"One exception keeps alive the ability of spouses to negotiate their own agreement as to what is included or excluded from net family property. Other exceptions relate to property such as gifts, inheritances and life insurance proceeds that 'dropped in their laps' and are not the result of any contribution the spouse made to the marriage partnership. Another exception relates to property acquired as a result of a personal loss to one of the spouses that again does not relate in any way to the marriage partnership. These exceptions highlight the intention of the legislature to keep separate the property of either spouse that bears no relationship to the roles or responsibilities assumed by the spouse during marriage or to the contributions made by the spouses to the welfare of the family as a whole. The value of property owned at the valuation date that the spouse has for totally personal reasons, and not through any direct or indirect contribution of the other spouse in any form whatsoever, remains excluded from net family property. Similarly, the value of property acquired by either spouse after separation, and in which the spouse had no clear vested or contingent interest as of the valuation date, does not get included in net family property because it cannot be said to flow from a partnership which no longer exists.
"Future disability benefits to be paid following the valuation date fall outside the concept of net family property for many reasons. They are paid due to an on-going personal characteristic or condition of a spouse, namely that spouse's state of health and impairment. Entitlement must be earned each day after the valuation date through the disability continuing. In that sense the rights are created on a very current basis, they are not created in advance of the period for which they relate. Entitlement has not gelled as of the valuation date; there is no accumulation of benefits as of that date. Disability benefits are not payable to a spouse due to the joint contributions of both spouses in one form or other to the marriage partnership. Disability benefits are intended to replace income on an on-going basis, as and when the need for such an income replacement arises; they are not intended to be a form of savings available regardless of what the future holds. They exist to support the person who cannot work, and that person's dependents. They are of the same nature as the income that the person would earn, if not disabled. Just as we do not consider that a person owns on the valuation date his or her future employment or self-employment income not yet earned or the ability to earn that income, we should not consider that a person owns on the valuation date his or her future disability payments not yet earned or the ability to earn an income with the concomitant entitlement to receive the disability benefits. We should treat those future disability benefits just as we treat future employment insurance benefits, social assistance benefits, student loans, payments from health care insurance plans and the like. These are all potential income sources that are payable if certain conditions exist. All of these potential income sources following the valuation date will be relevant to the issue of support, just as the earned income of the parties will be relevant to the issue of support."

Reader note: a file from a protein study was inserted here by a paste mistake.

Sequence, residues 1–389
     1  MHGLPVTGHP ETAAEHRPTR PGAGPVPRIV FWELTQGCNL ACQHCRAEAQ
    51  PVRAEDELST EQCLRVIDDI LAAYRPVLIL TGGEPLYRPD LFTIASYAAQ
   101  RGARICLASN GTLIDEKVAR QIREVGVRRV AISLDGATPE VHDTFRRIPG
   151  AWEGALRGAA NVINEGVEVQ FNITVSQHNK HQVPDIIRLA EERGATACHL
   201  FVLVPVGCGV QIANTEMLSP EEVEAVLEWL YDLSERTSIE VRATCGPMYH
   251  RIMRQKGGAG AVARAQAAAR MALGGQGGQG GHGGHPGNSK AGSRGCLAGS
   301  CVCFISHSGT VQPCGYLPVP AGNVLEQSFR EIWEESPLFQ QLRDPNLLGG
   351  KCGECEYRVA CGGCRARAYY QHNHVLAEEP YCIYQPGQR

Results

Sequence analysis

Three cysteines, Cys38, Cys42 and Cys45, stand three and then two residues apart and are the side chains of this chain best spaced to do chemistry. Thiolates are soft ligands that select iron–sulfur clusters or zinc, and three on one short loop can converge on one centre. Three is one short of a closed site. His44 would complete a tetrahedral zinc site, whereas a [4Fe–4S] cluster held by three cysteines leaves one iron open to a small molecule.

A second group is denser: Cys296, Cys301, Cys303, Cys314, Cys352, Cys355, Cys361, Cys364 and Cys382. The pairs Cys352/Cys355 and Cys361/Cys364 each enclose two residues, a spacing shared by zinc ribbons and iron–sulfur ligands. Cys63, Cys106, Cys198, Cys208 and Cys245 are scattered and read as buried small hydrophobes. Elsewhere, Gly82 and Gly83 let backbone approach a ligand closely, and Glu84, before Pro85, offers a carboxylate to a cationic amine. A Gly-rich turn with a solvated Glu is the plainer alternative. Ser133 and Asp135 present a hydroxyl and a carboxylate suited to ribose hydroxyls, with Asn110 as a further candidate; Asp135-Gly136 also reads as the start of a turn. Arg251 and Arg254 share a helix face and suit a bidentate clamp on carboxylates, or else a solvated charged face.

[34]                  While there dealing specifically with a private disability plan and future payments, I find the reasoning of Aitken J. compelling with respect to the disability pension received by the husband in this case. In fact, a war veteran's pension has been found to be excluded property in Irving v. Irving 1988 CanLII 3404 (BC SC), (1988), 17 R.F.L.(3d) 318 (B.C.S.C.) and in other decisions. I would note, however, that while the war veteran'spension is not a matrimonial asset in my opinion under our legislation, the income generated from it will be considered in the assessment of any spousal support request.

Offline bigcletus

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Re: VAC - Marriage breakdown
« Reply #9 on: March 24, 2014, 14:31:49 »
All these posts have been interesting and informative.  I am in NB and my VAC is a pension under the Pension Act.  Any current NB'ers with recent experience, under similar circumstances??

Tanks

Offline prairefire

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Re: VAC - Marriage breakdown
« Reply #10 on: March 24, 2014, 15:37:00 »